Leather armour in the middle ages.

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Zachos
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Leather armour in the middle ages.

Postby Zachos » Mon Sep 11, 2006 9:00 pm

With metal armour expensive, heavy and hot to wear I've been thinking about the possibilities that its leather cousin presents, not just for myself, but also for my friends who are interested in re-enactments but unable to afford the more specialist armour.

The question is, what are peoples opinions on said armour. The group I fight with try to do so authentically and do living history where possible, and so the main question is does it work historically, as far as the 14th and 15th centuries go.

I have heard from some that leather armour would of been used but hasn't been found due to its biodegradable nature. I have also heard it said there are no contemporary sources for leather armour being used in these periods. Opinions tend to vary and so if anyone can point me in the way of a definitive source one way or the other it would be appreciated.

Also, for those of you that have used such armour in the past, how much protection does it afford? Is it only fit for battlefield rules, or does it stand up to harder combat conditions? How much upkeep does it need?

Finally if anyone has had a go at making it themselves, how easy is it?



Thanks for getting this far, I look forward to reading your replys.


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Postby zauberdachs » Mon Sep 11, 2006 9:06 pm

there have been fairly extensive posts on this already, try doing a search?


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Postby craig1459 » Mon Sep 11, 2006 9:23 pm

The discussion on the Old-style forum about "Herluf Larsen's" kit is very interesting, going into the (in)authenticity of said kit and protective capabilities. A link can be found within the thread that Vicky's linked to


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Postby Ben_Fletcher » Mon Sep 11, 2006 11:09 pm

theres a very good example of leather armour in the church at Berlkey...

Its very sutible, but can only be leather.

If anyones interested I'll dig out some pics!


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Postby Marcus Woodhouse » Tue Sep 12, 2006 9:37 am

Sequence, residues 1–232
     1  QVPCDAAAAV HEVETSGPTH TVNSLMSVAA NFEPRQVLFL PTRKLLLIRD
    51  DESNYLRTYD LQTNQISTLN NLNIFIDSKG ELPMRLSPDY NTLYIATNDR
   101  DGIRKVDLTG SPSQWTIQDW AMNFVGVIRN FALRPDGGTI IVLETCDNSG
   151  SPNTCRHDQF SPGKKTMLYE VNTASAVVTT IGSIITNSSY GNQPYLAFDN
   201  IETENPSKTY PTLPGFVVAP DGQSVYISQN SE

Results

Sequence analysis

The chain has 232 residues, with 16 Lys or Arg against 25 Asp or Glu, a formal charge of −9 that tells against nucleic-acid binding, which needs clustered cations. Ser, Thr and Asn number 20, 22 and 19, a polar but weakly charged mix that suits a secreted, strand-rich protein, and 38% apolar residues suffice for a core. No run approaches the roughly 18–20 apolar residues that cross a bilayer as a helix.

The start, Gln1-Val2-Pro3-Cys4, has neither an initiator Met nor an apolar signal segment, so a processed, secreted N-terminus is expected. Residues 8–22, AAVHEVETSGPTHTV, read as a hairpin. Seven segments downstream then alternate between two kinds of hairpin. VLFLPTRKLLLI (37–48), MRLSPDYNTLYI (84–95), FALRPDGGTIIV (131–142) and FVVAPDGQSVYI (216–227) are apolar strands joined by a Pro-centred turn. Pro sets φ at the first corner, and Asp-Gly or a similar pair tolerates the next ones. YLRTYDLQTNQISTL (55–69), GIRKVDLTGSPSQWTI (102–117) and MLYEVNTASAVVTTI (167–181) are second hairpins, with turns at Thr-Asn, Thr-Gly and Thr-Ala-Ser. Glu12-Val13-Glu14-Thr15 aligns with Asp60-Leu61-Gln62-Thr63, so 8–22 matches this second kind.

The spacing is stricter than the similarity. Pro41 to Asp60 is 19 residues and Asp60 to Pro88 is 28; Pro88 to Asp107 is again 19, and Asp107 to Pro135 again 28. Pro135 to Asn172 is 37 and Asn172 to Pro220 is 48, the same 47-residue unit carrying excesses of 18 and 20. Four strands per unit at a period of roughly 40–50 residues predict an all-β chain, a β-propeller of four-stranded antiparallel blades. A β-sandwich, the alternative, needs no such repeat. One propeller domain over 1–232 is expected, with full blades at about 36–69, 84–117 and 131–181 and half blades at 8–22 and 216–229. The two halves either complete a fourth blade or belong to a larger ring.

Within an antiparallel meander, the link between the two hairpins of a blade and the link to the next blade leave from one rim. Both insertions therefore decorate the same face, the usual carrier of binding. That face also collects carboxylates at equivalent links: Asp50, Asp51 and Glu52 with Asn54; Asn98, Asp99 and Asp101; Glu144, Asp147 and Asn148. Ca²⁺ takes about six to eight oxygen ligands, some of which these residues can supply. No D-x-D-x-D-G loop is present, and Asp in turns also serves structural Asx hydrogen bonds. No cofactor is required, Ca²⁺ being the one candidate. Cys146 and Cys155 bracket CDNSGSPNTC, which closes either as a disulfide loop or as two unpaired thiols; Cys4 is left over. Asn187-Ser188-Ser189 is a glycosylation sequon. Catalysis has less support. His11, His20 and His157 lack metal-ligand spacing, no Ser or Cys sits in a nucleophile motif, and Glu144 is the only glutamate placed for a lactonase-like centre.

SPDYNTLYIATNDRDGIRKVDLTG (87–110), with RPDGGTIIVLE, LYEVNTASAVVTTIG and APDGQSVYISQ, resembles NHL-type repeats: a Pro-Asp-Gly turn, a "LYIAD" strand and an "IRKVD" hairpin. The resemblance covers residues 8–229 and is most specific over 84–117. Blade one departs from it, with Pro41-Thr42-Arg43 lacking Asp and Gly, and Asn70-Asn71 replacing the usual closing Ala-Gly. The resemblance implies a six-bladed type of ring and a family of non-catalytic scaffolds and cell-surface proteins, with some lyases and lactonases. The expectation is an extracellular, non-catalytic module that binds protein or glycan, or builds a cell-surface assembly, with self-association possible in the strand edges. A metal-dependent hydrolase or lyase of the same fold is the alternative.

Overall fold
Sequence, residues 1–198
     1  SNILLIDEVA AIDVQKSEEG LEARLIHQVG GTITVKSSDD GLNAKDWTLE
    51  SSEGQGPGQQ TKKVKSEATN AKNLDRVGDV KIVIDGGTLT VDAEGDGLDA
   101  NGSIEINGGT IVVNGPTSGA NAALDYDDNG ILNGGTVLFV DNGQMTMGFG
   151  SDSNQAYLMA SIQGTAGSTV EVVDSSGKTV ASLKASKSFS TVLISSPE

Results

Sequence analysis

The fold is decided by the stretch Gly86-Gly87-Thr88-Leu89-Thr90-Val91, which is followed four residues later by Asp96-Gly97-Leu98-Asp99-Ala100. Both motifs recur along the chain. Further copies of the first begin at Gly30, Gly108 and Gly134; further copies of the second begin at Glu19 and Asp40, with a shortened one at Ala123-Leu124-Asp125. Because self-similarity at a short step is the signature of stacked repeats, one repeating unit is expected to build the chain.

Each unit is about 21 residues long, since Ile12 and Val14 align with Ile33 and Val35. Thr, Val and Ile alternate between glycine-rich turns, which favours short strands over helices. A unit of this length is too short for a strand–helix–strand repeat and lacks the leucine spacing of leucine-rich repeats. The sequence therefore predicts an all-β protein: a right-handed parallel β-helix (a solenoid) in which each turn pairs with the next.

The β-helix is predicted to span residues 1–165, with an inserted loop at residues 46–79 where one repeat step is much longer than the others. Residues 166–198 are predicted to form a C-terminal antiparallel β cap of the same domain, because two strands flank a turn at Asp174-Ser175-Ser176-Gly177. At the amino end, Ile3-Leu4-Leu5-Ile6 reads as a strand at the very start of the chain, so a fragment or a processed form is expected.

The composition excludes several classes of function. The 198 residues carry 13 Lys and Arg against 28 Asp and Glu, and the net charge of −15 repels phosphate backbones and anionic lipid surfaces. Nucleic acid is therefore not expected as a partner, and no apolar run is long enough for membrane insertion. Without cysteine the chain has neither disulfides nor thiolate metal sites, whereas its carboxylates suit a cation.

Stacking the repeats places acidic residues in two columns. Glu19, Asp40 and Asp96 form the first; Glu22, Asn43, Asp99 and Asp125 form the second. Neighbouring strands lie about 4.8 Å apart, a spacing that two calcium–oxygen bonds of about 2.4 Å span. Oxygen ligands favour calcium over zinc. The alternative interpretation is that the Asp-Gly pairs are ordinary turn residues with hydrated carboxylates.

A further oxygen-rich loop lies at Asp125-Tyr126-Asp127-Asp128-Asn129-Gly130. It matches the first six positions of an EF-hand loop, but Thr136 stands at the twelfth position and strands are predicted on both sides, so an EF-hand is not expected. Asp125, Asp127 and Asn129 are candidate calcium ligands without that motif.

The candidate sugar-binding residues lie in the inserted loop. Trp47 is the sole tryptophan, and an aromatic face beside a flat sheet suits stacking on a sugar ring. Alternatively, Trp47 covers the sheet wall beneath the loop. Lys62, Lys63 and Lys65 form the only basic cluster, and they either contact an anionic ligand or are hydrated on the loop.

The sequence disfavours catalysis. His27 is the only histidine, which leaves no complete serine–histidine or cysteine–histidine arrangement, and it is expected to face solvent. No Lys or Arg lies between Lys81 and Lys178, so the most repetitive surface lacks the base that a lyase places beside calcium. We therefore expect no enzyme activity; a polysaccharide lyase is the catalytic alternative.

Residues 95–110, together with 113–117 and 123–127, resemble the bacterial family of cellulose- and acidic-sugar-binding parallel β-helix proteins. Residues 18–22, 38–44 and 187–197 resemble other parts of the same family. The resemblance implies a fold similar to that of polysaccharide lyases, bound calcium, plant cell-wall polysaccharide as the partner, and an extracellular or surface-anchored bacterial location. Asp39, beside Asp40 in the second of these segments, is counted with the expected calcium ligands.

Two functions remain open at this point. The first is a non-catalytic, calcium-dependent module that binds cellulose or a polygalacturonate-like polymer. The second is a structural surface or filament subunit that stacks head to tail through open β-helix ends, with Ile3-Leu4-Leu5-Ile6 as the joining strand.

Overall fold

I have read about leather armour being worn in Italy during the 15th century which kinda makes sense when you think that a lot of naval actions went on in that area and Italy is even hotter than the average Berkley event, but I can't see that it would be a good idea as most of the weopons of this period were designed to penetrate harness. I mean what is the point of wearing armour that will keep you cool but does sweet f.a. to protect you. then again the Italian bill was proved to be not much cop at penetrating plate so maybe that is an indication that leather armour was worn. My feeling is you either went the route of mobility and didn't bother with any armour save perhaps a helmet (which is what most crossbowmen, handgunners and archers seem to have done in paintings of the time) or you went and aquired the very best and heaviest armour you could to give maximum protection (which is what most crossbowmen... hmm ). Why do you need to get covered in harness? A good jack will provide just as much protection, is cooler in the summer and warmer in the winter and was likely to be much more common. i know its not sexy and shiny but in time you could do what i have done and add other bits of armour, over the next year or two i will add jack chains for instance. besides wearing a smelly, mucky jack that's still damp with cold sweat is character building.


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Postby Simon Atford » Tue Sep 12, 2006 10:01 am

I have read about leather armour being worn in Italy during the 15th century which kinda makes sense when you think that a lot of naval actions went on in that area and Italy is even hotter than the average Berkley event


Wouldn't leather armour be be nearly as sweaty and uncomfortable as harness in a hot climate :?:

The climate in Italy (I speak as someone who's done several re-enactment events over there) is like that in Britain but more so. Its a humid heat rather than the dry heat of the Holy land.

For this reason the mercenary companies did most of their campaigning in the winter months.



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Postby Marcus Woodhouse » Tue Sep 12, 2006 10:07 am

And so there is another reason not to wear leather armour.


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Postby Skevmeister » Tue Sep 12, 2006 10:10 am

Zachos,

I would say that leather armour IMHO opinion is nearly as expensive to purchase as metal as it is just as labour intensive to make as metal and teh people that do it (and there is a guy that does Tewks and NHLF) is superb quality but you pay for it. I may be wrong but that's what I have noticed when looking around.


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Postby Colin Middleton » Tue Sep 12, 2006 12:52 pm

My understanding on leather armour is that it was found in the later 13th C and early 14th C and usually represented a fore runner to steel platesd in a given area as it is easier to shape than steel. However it is still difficult to harden properly and does not give as good protection (and may shatter!). As far as I'm aware, it fell out of use on the battlefield when metal armour became easier to make as there wasn't enough cost reduction to make it worth while.

The only source's I've seen for these are "Arms & Armour of the Medieval Knight" and "Osprey: Knights at the Tourney".

I would generally say that people would spend their money on a very little metal armour, rather than a lot of leather armour and use a jack to fill the gaps. A well padded jack gives perfectly adequate protection for our purposes.

If anyone can provide any evidence to the contrary on this, I would be very interested in seeing it.


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Postby Jim Smith » Tue Sep 12, 2006 5:53 pm